“I love the intimacy (?) of listening to podcasts, they’re right there, in your ears, and there is only a small fanbase to share them with. I also love the close knit community of podcast creators and seeing them interact. I’m worried that a TV show might destroy the balance that I love for the Bright Sessions. Selfish as it seems, I don’t want the TV show to become popular mainstream media and leave the original intimacy of the podcast and community in the dust.”
I just noticed
In Falsettos, falsetto represents childishness, since boys can hit high notes before puberty
In Tight Knit Family/Love Is Blind, Marvin goes into falsetto during “I want it all”, letting us know early on that his desire is unreasonable, selfish, childish
Blocking is what you do to (a) turn your lovely knit from a hodgepodge of stitches into a beautiful finished piece, and/or (b) make sure that all your pieces are the right size and will fit together in the case of a garment with panels that have to be stitched together. Blocking uses water or steam and rods/pins/blanks to pull the piece out to the right size.
It’s pretty much vital for lace knits (it’s how you get that stretched-out look that shows off the pattern you’ve slaved over), but I block all my pieces because the secondary effect is to smooth out the tension and make all the stitches sit nicely. For yarns that show off stitch definition, it gives that lovely neat look.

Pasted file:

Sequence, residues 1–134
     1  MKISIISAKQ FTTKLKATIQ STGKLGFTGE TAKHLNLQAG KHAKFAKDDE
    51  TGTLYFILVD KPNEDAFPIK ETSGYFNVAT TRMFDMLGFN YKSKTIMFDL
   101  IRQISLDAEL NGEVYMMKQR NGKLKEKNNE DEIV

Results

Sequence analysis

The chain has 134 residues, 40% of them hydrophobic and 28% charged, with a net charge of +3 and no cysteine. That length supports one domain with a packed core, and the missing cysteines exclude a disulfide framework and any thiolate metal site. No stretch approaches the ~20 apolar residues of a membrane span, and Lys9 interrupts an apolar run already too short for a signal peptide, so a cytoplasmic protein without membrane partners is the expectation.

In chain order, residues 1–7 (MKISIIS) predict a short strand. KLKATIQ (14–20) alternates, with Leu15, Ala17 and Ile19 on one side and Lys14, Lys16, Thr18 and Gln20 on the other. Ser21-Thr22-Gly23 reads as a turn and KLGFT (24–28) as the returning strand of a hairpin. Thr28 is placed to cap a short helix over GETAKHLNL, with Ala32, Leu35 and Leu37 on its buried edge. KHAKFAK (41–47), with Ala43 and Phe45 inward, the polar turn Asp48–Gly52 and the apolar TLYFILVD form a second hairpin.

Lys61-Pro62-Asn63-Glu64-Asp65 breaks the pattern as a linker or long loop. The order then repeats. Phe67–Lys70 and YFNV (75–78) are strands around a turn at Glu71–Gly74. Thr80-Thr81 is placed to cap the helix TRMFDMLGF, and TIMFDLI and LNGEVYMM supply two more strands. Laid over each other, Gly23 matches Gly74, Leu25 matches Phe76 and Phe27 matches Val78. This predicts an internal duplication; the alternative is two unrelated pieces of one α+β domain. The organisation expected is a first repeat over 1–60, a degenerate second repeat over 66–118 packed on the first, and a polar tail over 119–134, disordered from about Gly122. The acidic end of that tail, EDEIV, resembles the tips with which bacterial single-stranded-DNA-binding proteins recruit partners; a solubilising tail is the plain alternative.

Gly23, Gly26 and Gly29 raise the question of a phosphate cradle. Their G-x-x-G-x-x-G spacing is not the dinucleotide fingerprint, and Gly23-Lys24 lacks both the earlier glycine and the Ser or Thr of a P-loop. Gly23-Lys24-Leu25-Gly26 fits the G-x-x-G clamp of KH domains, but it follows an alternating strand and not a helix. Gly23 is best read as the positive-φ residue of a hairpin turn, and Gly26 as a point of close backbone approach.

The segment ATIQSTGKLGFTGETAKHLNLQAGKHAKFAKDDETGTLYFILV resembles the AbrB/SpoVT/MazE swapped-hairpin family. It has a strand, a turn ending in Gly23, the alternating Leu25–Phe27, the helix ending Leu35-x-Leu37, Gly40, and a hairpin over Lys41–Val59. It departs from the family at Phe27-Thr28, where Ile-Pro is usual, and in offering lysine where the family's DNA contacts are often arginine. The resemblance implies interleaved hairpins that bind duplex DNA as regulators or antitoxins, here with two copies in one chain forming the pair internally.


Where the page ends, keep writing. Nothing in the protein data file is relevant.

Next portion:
There are a hundred articles online and videos on YouTube that will give the details better than I can in a text post, but the two main types of blocking are ‘wet blocking’ and ‘steam blocking’. I always wet block because my preferences for yarns mean that steam blocking (with an iron) crushes the stitches, and in my opinion it doesn’t even out the tension as well as a good wet block. The drawback with wet blocking is that it’s more time-consuming and with large pieces often renders your living room floor unusable for a day while you wait for it to dry 😉
Shout out to fiber artists who somehow find the time to learn a craft and then practice repeatedly, pouring time and effort (and money for supplies) into pieces that may turn out well or into a random blob of a creation. You rock
Latvia-based MapleApple, a mother and daughter duo, knit a harvest of beautiful vegetables in wool and acrylic yarn. The faithful recreations of turnips, carrots, lemons, and leeks are available as individual pieces or sold together as large sets. All pieces are child-safe and you can see much more in their shop.